Setting Boundaries During The Holidays


We’re closing in on the end of the year and with that comes traditional celebrations and this year, even in person gatherings are on the table.

With the holidays approaching, many are fully engrossed in menu planning, gift shopping and holiday cheer. On the other hand, many are dreading the burden of extra responsibilities, more items on their to-do list, and the prospect of another family gathering with conflict.

It seems now more than ever, there are landmine topics within family and group dynamics which must be avoided and swerved to insure a drama free event. Politics, cultural events and the pandemic are all hot topics right now, and all hold the potential to wreak havoc. Maybe your strained family dynamic has nothing to do with current events, instead, has deep roots in past traumas or history. Either way, many people are concerned about how to maintain their positive mental health through the holidays.

The key to avoiding the family gathering pitfalls is to maintain health boundaries during the holidays that keep you safe and advise your loved ones on where to meet you.

Below are some helpful techniques on how to build and maintain helpful boundaries during the holidays:

Be Ok With Setting Boundaries

A great way to set boundaries during the holidays and stop an uncomfy conversation is to simply express that the given topic is not one that you’re interested in continuing. If you find it hard to simply say no, consider re-directing the conversation to a different topic, one that you feel more comfortable with. If your relative continues to steer the conversation back to an area that you do not wish to pursue, it may be time for the next tip.

Be Comfortable With Walking Away

Excusing yourself from the conversation allows you to hold your boundary, without fear of confrontation or being seen as “rude”. Often conversations at family events are short lived as everyone tries to interact with each other, so exiting the conversation mid-talk to go assist with the meal prep, wash the dishes or chat with someone else is completely normal.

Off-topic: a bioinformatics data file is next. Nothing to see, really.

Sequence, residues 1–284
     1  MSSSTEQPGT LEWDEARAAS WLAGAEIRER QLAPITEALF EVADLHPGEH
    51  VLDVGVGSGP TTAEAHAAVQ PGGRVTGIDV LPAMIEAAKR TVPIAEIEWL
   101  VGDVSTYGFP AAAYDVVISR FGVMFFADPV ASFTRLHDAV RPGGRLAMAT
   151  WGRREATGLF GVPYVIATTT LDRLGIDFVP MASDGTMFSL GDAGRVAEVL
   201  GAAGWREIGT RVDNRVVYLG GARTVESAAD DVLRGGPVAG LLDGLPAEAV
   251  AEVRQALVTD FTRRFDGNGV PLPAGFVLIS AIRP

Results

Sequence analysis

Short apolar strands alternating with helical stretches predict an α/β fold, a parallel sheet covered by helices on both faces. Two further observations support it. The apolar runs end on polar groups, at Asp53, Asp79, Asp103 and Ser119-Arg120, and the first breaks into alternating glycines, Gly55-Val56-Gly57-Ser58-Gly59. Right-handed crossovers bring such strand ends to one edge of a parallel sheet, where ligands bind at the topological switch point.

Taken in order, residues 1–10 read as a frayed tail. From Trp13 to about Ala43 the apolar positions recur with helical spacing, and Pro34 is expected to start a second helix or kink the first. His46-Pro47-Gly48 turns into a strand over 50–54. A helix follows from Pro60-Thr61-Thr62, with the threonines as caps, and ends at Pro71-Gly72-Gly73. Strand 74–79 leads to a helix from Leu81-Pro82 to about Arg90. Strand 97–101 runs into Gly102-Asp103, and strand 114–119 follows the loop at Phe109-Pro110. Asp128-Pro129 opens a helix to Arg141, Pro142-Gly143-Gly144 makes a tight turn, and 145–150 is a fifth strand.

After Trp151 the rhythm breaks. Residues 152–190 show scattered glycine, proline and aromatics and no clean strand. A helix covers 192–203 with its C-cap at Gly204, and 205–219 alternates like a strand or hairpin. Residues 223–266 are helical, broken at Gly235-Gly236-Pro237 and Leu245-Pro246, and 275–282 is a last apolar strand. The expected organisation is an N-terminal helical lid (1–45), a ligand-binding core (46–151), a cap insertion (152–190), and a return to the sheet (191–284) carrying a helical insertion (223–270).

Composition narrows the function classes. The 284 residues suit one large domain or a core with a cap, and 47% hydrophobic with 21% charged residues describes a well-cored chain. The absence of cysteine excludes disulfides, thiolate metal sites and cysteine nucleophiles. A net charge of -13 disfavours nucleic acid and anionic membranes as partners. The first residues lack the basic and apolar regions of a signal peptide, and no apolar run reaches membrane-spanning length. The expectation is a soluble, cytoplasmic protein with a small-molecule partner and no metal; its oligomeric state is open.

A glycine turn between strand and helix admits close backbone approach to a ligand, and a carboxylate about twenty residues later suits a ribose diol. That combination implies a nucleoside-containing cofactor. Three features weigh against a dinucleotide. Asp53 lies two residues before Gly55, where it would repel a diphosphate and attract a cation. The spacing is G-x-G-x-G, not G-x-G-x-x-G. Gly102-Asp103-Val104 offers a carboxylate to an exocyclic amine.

Stick With Those Who Value Your Boundaries

After excusing yourself from the conversation, it can be helpful to stick with some go-to safe family members who have your back. If you know for certain that you have an uncle who brings up controversial conversations or a cousin who triggers you, it can be smart to work out a strategy with your go-to family members. You can work together to swoop in when you’re looking uncomfortable.

Make A Holidays Coping Strategy

Ultimately, you may not be able to avoid people or conversations that may make you uncomfortable and this can be really challenging. Although you may feel like you were roped into a situation that dismissed your boundaries, you can in fact make up a coping strategy as a way of maintaining your self-care. Before you attend the event or gathering, write down 2 or 3 coping strategies that you can use if you feel you need them. This could include: taking bathroom breaks to do a short meditation or breathing exercises, watching your favourite movie or show before bed to take your mind off things or physically washing away the day by taking a comforting shower or bath. The possibilities are endless.

Looking for extra support during the holidays? The Reflection Centre is here to help!

Contact us to see how we can assist you over the coming weeks and into the new year. 

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